Digestion is a process by which food is broken into simpler, smaller molecules that can be easily absorbed and assimilated by the body. Proteins are defined as the group of complex organic macromolecules. These are synthesized from amino acids, which are often referred to as the building blocks of the human body.
Proteins are composed of one or more amino acid chains, and contain carbon, oxygen, hydrogen, nitrogen, and sulfur. They are required for making enzymes, hormones, and antibodies. The digestion of proteins takes place in the stomach and small intestine. The next sections explain this process.
Digestion of Protein in Stomach
The process of digestion starts in the mouth. However, it is within the stomach and the small intestine that proteins are broken down into amino acids. The walls of the stomach are composed of strong muscles.
After the food is turned into bolus by teeth, it is moved from the esophagus into the stomach by peristalsis, which refers to the wave-like muscular contractions. These contractions also help churn the food.
The lining of the stomach contains glands that secrete gastric juice, which is colorless and acidic, with a pH ranging between 1 and 3. The main components of gastric juice are digestive enzymes, hydrochloric acid, and mucus.
Hydrochloric acid is produced by parietal cells, which are present in the lining of the stomach. Hydrochloric acid is very concentrated, and can easily digest the stomach itself. However, epithelial cells secrete a bicarbonate-rich solution that coats the mucosa, and neutralizes the acid secreted by the parietal cells.
The cells of the stomach lining that are destroyed by hydrochloric acid are replaced by newer cells. The lining of the stomach gets completely replaced every third day.
The digestion of proteins in the stomach occurs mainly due to the action of hydrochloric acid (HCl) and an enzyme called pepsin. Pepsin forms in the stomach when pepsinogen reacts with HCl. Pepsin acts on the protein, thereby breaking peptide bonds into chains of amino acids linked together. These are referred to as polypeptides.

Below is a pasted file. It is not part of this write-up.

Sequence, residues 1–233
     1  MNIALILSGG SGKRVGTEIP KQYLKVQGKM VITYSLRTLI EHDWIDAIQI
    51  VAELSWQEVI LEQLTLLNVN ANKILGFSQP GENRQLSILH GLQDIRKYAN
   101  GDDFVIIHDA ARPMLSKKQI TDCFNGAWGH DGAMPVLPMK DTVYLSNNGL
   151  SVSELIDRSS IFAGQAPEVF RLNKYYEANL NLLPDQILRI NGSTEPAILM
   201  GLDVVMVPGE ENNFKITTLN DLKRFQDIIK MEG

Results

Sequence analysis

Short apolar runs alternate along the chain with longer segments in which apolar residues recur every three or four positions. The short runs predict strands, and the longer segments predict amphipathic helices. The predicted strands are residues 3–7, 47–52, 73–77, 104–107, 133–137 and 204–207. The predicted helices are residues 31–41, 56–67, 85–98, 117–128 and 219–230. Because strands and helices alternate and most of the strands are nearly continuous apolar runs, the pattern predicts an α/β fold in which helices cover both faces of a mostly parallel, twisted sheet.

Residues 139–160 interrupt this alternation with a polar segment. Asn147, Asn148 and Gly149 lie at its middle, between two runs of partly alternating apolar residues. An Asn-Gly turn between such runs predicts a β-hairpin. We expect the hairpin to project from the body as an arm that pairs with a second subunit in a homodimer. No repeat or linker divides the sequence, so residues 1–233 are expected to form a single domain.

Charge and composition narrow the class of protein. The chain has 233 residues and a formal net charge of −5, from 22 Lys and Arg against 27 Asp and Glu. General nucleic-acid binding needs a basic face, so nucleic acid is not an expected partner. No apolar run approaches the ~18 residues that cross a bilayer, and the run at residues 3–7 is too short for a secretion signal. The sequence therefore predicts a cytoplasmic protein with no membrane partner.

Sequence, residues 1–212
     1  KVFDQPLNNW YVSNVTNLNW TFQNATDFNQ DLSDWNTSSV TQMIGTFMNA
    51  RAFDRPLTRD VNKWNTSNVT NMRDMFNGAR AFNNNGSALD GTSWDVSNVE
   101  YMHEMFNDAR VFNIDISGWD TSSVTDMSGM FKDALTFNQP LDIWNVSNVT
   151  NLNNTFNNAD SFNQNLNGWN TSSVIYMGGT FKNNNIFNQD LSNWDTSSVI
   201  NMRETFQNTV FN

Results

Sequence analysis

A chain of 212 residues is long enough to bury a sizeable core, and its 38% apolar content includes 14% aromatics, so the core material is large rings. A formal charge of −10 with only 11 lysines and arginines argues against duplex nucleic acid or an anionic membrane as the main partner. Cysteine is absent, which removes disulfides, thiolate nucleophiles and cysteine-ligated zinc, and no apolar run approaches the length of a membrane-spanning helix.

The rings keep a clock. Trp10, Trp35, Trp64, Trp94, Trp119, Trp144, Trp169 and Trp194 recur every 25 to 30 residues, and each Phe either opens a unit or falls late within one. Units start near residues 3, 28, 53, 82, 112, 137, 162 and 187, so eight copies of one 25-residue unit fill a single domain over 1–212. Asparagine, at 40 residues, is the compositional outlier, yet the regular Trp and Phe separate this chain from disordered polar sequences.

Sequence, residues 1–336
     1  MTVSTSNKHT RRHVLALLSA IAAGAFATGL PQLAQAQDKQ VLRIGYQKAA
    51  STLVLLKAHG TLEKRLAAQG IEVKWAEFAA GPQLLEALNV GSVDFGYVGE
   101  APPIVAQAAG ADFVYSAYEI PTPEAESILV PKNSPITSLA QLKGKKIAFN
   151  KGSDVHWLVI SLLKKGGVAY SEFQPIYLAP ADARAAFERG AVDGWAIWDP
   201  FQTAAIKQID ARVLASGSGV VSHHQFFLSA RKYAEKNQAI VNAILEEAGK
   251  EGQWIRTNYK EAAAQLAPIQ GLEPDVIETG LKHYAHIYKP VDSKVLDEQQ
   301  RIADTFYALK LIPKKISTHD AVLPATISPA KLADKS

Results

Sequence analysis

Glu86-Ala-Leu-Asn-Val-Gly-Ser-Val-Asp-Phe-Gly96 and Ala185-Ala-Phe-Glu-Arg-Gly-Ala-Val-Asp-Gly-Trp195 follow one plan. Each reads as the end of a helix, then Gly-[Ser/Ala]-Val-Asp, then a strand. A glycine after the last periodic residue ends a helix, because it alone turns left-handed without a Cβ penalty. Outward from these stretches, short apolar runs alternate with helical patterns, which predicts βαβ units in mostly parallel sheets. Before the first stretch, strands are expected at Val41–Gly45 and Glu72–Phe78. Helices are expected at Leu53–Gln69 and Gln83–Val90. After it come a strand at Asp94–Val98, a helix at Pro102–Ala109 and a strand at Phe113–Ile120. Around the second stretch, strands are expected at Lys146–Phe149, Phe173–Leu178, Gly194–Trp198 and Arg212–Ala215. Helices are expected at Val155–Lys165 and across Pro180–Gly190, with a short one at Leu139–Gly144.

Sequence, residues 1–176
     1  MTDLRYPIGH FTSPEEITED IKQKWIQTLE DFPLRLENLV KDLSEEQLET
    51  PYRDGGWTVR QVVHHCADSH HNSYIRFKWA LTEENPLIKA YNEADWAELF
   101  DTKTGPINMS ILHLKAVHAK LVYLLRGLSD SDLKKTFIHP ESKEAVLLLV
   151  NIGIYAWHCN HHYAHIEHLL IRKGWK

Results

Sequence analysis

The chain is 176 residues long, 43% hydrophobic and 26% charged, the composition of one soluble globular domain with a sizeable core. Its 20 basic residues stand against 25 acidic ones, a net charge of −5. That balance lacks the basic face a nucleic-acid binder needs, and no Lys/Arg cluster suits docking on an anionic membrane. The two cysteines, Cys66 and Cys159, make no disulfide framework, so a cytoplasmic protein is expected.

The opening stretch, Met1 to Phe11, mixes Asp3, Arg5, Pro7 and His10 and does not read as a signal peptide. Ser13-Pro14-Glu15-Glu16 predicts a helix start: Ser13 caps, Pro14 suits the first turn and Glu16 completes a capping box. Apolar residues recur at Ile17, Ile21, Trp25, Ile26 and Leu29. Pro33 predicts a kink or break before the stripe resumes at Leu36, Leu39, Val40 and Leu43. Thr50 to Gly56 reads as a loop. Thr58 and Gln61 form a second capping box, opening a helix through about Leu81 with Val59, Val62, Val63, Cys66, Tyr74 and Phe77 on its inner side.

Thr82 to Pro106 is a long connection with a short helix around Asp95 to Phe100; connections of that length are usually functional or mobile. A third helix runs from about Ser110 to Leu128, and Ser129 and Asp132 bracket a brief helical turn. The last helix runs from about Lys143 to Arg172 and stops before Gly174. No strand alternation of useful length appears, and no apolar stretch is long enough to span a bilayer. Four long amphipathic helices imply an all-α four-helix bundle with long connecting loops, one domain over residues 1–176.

The enzymes needed for digesting proteins are called proteinases and proteases. These enzymes break down the molecules of proteins into amino acids by a depolymerisation process called hydrolysis. It is described as a chemical reaction wherein a water molecule breaks down into hydrogen cations and hydroxide anions.
The rate of action of these digestive enzymes is influenced by factors such as concentration and quantity of the enzyme, amount of protein that needs to be digested, temperature of the food, acidity of the food, acidity of the stomach, and the presence of antacids or other inhibitors of digestion.
The task of enzymes is to break down protein molecules into simpler structures called peptones and proteose. They leave the stomach and enter the small intestine with the help of peristalsis. This entire process takes about 4 hours.
Digestion of Protein in Small Intestine
The partially-digested food, which is also called chyme, enters duodenum, which is a part of small intestine. Chyme is acidic in nature, but it becomes neutral after mixing with an alkaline secretion.
Pancreas secrete digestive enzymes called trypsin and chymotrypsin. These enzymes reach the duodenum. They break the polypeptides or complex protein molecules into smaller peptides. These enzymes separate the specific amino acids from the short peptide chains, eventually breaking the peptides into individual amino acids through the process of hydrolysis.
Intestinal villi, which are finger-like projections found on the walls of the small intestine, increase the surface area of the small intestine by about 600 times. Each villus contains a network of blood capillaries and lymph vessels.
The amino acids pass through the capillary walls, and are carried by the blood flowing through the network. In this manner, the amino acids thus produced get absorbed and are used by the body to make proteins. These proteins are then used by the body for making antibodies, building and repairing muscles, etc.
Since the stomach and small intestine play a vital role in digesting proteins, problems can arise, if these organs are affected by a medical condition or injury.